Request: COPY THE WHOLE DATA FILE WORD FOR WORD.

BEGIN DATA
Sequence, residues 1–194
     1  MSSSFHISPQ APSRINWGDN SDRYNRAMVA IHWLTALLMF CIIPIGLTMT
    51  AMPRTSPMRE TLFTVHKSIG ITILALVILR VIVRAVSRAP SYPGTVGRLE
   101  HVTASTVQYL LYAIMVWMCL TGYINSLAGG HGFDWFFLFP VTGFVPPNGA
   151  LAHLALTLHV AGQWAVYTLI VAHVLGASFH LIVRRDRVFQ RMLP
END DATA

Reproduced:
Sequence, residues 1–194
     1  MSSSFHISPQ APSRINWGDN SDRYNRAMVA IHWLTALLMF CIIPIGLTMT
    51  AMPRTSPMRE TLFTVHKSIG ITILALVILR VIVRAVSRAP SYPGTVGRLE
   101  HVTASTVQYL LYAIMVWMCL TGYINSLAGG HGFDWFFLFP VTGFVPPNGA
   151  LAHLALTLHV AGQWAVYTLI VAHVLGASFH LIVRRDRVFQ RMLP